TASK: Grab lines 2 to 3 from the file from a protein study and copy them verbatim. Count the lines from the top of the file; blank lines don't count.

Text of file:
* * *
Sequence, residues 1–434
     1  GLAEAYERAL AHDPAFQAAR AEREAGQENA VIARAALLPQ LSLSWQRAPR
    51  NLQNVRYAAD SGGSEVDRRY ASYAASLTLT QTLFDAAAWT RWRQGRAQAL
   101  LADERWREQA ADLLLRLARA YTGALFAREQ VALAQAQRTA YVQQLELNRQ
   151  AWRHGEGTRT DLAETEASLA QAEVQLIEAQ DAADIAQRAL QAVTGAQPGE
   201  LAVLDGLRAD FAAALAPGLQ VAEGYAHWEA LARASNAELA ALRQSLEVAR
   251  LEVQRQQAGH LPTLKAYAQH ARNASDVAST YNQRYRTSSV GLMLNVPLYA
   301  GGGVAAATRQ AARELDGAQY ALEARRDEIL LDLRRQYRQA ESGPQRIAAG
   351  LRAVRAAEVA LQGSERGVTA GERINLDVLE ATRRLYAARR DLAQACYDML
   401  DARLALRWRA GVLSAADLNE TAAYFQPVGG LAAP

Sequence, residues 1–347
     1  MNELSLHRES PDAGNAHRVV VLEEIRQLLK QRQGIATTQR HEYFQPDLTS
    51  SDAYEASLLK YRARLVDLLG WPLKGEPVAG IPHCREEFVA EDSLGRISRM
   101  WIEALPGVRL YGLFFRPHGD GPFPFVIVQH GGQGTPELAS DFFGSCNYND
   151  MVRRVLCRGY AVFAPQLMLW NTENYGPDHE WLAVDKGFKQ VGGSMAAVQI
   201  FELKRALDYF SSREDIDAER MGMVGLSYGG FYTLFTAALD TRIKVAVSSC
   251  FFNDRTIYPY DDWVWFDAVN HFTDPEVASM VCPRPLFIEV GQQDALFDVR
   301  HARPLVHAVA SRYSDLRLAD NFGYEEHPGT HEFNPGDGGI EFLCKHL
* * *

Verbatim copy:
     1  GLAEAYERAL AHDPAFQAAR AEREAGQENA VIARAALLPQ LSLSWQRAPR
    51  NLQNVRYAAD SGGSEVDRRY ASYAASLTLT QTLFDAAAWT RWRQGRAQAL